This article was originally published on Phys.org


“The vast reservoir of carbon stored beneath our feet is entering Earth’s atmosphere at an increasing rate, most likely as a result of warming temperatures, suggest observations collected from a variety of the Earth’s many ecosystems.

Blame  and how they react to warmer temperatures. Their food of choice—nature’s detritus like dead leaves and fallen trees—contains carbon. When bacteria chew on decaying leaves and fungi chow down on dead plants, they convert that storehouse of carbon into carbon dioxide that enters the atmosphere.

In a study published August 2 in Nature, scientists show that this process is speeding up as Earth warms and is happening faster than plants are taking in carbon through photosynthesis. The team found that the rate at which microbes are transferring carbon from soil to the atmosphere has increased 1.2 percent over a 25-year time period, from 1990 through 2014.

While that may not seem like a big change, such an increase on a global scale, in a relatively short period of time in Earth history, is massive. The finding, based on thousands of observations made by scientists at hundreds of sites around the globe, is consistent with the predictions that scientists have made about how Earth might respond to warmer temperatures.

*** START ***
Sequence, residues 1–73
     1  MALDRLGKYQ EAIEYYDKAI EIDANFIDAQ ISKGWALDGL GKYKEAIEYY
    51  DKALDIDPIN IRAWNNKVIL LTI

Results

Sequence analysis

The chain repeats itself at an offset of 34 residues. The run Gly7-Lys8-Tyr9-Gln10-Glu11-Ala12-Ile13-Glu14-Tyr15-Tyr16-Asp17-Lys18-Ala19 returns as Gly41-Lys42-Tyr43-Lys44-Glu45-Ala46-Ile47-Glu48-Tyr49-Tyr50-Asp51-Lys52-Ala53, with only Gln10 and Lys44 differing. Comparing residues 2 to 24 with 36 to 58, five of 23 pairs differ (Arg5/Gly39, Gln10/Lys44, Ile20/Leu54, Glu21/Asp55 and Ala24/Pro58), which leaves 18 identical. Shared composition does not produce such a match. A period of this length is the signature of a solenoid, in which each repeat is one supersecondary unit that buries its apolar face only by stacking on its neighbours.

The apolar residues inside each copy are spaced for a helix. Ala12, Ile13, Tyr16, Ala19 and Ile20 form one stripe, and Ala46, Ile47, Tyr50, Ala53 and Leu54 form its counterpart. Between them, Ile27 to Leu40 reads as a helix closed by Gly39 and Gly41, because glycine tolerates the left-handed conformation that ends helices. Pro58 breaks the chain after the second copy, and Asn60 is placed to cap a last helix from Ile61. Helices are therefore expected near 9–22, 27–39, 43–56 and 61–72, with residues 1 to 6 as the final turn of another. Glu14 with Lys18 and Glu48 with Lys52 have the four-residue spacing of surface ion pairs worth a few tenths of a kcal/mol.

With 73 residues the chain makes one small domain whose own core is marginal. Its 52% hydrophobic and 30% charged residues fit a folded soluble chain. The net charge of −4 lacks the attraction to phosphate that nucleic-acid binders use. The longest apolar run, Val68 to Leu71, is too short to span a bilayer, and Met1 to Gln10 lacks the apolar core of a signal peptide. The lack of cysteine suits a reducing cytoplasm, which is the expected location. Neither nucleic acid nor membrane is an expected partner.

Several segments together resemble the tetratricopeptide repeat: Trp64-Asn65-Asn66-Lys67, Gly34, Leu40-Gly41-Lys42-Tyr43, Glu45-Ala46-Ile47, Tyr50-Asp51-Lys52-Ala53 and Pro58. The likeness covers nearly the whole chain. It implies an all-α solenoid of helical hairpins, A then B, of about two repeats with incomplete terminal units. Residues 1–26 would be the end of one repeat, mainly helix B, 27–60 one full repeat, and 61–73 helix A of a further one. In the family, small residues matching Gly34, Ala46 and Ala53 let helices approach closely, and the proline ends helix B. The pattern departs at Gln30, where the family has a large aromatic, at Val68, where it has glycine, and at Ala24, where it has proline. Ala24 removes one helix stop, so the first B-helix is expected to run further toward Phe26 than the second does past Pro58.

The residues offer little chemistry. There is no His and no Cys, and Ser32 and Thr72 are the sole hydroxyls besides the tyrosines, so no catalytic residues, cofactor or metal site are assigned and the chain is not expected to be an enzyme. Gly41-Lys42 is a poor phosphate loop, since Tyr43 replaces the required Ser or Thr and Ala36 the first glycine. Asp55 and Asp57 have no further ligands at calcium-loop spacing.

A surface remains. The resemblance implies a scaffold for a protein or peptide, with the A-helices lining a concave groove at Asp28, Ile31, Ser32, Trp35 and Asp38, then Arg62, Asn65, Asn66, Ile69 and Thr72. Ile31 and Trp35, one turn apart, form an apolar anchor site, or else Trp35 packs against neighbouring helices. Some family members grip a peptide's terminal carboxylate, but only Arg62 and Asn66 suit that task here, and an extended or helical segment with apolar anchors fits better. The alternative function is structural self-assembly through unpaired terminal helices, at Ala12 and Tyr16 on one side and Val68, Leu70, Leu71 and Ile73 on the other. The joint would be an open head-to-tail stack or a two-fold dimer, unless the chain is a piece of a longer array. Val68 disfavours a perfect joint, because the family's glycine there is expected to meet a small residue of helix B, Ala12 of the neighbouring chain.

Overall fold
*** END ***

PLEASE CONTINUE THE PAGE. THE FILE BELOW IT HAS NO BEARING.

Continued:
“It’s important to note that this is a finding based on observations in the real world. This is not a tightly controlled lab experiment,” said first author Ben Bond-Lamberty of the Joint Global Change Research Institute, a partnership between the Department of Energy’s Pacific Northwest National Laboratory and the University of Maryland.

“Soils around the globe are responding to a warming climate, which in turn can convert more carbon into carbon dioxide which enters the atmosphere. Depending on how other components of the carbon cycle might respond due to climate warming, these soil changes can potentially contribute to even higher temperatures due to a feedback loop,” he added…”

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